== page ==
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Corning shares tumble on sales forecast

Shares plunge 10% after the glassmaker cuts outlook, citing a slowdown in demand from TV panel makers.

By Scott Moritz, writer
Last Updated: September 3, 2008: 4:24 PM EDT

NEW YORK (Fortune) -- Corning, the giant glassmaker, cut its third-quarter sales target by 5%, citing sluggish demand for the glass used to make flat-screen TVs.

The upstate New York-based company, which earlier this summer shrugged off signs that the slowing economy was curbing consumer appetite for big, flat-panel LCD TVs, now says the growth rate in LCD glass sales is slowing. The problem isn't that consumers are no longer buying TVs, it's that overly-ambitious set makers trying to cash in on the boom have built far too many.

Corning said Wednesday that adjusted earnings will be around 44 cents a share, down from the 49-cent range the company previously projected. Sales for the third quarter are now expected to be about $1.6 billion, below the previous $1.68 billion forecast.

A blurry crystal ball

Corning (GLW, Fortune 500) shares were off 10% in mid-day trading Wednesday and down 27% for the year as investors fret that a global economic cooldown will chill the scorching-

Looking ahead, Corning tempered its full-year growth forecast for LCD glass sales to about 27.5% from the 30% range it reaffirmed just five weeks ago. In June, CEO Wendell Weeks had said he saw "no evidence of an economic downturn impacting LCD TV sales in the U.S."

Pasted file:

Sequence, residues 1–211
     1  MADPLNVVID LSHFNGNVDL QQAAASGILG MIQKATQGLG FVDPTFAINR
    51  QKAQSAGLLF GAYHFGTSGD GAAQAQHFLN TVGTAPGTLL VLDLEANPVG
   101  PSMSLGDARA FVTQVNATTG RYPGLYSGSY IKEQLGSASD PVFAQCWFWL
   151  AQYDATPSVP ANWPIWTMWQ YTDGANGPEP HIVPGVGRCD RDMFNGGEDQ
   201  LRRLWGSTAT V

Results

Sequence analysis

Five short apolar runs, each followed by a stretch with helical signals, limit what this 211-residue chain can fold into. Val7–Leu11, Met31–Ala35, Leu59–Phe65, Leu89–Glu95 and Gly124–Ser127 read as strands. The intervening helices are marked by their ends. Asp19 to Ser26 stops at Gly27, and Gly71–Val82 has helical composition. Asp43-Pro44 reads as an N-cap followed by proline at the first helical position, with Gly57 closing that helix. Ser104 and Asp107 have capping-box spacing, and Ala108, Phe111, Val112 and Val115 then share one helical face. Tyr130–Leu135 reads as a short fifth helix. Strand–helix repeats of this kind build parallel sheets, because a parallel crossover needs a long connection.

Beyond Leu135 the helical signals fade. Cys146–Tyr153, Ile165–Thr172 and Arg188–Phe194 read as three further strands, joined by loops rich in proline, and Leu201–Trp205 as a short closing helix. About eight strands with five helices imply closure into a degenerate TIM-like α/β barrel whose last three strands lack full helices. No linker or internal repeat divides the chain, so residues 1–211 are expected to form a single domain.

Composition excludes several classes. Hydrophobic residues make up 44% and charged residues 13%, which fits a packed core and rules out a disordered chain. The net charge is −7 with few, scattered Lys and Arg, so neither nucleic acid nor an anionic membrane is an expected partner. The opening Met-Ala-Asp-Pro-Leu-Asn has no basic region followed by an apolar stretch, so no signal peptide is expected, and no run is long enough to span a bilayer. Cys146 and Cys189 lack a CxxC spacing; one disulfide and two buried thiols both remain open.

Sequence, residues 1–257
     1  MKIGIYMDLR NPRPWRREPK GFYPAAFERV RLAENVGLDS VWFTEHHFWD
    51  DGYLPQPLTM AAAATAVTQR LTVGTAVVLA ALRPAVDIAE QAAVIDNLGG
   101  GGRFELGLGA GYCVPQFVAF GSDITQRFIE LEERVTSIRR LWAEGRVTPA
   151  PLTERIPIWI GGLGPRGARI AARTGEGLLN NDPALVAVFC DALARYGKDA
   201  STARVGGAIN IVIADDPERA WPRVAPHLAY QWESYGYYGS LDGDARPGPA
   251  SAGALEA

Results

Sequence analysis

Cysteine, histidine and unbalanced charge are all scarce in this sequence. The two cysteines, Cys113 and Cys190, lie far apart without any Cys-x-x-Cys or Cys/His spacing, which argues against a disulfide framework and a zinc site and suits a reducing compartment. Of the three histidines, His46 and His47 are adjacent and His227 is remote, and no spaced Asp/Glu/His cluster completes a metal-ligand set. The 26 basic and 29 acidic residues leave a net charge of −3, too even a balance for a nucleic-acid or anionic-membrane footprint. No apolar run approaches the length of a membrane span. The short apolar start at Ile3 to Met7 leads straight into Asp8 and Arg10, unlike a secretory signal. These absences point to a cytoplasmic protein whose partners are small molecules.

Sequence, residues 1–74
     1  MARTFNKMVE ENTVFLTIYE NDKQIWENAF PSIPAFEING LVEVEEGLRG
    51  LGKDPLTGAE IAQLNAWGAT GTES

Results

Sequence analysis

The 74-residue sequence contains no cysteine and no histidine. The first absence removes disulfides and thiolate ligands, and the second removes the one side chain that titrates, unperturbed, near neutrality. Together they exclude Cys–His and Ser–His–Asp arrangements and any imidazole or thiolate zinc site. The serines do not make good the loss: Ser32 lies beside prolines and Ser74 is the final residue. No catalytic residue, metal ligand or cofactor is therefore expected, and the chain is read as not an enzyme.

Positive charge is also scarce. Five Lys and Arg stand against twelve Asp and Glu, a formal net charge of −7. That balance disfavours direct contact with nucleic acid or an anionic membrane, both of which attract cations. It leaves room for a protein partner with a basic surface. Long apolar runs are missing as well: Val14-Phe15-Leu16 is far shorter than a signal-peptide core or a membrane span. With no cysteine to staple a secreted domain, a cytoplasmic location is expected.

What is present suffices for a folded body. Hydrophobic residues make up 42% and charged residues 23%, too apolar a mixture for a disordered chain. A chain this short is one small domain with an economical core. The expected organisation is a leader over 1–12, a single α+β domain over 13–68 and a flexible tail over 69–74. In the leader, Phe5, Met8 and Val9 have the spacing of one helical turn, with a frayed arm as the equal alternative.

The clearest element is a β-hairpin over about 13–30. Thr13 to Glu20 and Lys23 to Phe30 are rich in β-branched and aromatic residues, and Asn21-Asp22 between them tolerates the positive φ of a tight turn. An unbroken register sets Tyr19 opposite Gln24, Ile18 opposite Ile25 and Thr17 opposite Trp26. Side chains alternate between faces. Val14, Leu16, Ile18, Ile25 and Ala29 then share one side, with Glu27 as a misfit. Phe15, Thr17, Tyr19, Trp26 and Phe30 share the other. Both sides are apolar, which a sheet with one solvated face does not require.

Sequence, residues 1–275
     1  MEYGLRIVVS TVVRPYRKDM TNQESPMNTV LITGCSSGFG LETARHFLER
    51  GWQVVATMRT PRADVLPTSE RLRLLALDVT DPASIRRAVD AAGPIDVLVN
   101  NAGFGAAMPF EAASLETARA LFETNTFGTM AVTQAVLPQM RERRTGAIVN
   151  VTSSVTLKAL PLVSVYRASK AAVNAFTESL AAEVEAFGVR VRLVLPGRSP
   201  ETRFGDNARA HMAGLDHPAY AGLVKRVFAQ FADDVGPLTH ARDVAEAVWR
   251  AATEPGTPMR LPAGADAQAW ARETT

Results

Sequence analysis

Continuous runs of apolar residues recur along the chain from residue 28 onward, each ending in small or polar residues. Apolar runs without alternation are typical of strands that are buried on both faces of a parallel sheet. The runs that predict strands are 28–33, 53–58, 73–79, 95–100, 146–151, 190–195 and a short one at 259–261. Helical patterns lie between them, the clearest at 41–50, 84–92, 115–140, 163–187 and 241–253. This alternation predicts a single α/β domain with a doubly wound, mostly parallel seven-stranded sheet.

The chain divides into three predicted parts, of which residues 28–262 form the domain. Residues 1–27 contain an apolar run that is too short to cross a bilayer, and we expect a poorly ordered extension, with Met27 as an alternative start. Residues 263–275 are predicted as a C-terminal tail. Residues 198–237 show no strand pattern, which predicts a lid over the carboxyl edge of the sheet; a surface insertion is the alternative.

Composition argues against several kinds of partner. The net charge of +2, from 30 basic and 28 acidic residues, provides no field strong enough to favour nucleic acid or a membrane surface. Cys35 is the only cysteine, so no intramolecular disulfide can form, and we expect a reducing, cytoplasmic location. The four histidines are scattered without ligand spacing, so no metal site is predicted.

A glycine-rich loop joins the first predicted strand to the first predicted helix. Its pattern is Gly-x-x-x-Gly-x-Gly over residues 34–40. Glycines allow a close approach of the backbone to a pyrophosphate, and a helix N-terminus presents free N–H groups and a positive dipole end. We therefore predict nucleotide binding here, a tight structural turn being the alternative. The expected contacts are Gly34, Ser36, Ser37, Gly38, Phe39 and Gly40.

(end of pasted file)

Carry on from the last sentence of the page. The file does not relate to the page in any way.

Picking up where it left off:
Corning has difficulty predicting when downturns will result in lower orders because of its place at the start of the TV supply chain.

For example, in November 2004 Corning reaffirmed its fourth-quarter sales growth range of between 3% and 10%, despite warning signs of an inventory glut. Two weeks later, two of Corning's biggest display-panel makers cancelled glass orders and the company cut its growth projection to 3% or lower.

Pricing cracks

To manage the wild fluctuations in supply and demand in LCD glass, Corning adopted two years ago a policy to limit price cuts on LCD glass. The plan is a rare instance of a supplier trying set the terms, and Corning so far has successfully resisted slashing prices - a problem that plagued the company in the past as it encouraged panel makers to increase supply, creating large inve

Some analysts, however, think Corning's pricing strategy is about to shatter.

Corning's Taiwan customers, which make TV and computer panels, are feeling "severe pricing pressure" due to high inventory among TV makers, Collins Stewart analyst Brian White wrote in a research note Wednesday.

As a result, says White, some panel makers are getting discounts. Given the pain felt by panel makers, he predicts that Corning too has had to lower prices.

"I'm sure they are feeling pressure," agreed DisplaySearch analyst Paul Gagnon. "Most panel makers have been looking for ways to save costs."

A Corning spokesperson did not respond to a call seeking comment.

While the suppliers are coming under varying degrees of pricing pressure, the overall market for LCD TV sales is still on track, according to Gagnon. LCD TV sales in the third quarter will be weaker than the surprisingly strong second quarter, but the fourth quarter looks solid as TV prices drop.

Gagnon expects the worldwide LCD TV market to sell 105 million units this year, a 32% increase over 2007. To top of page

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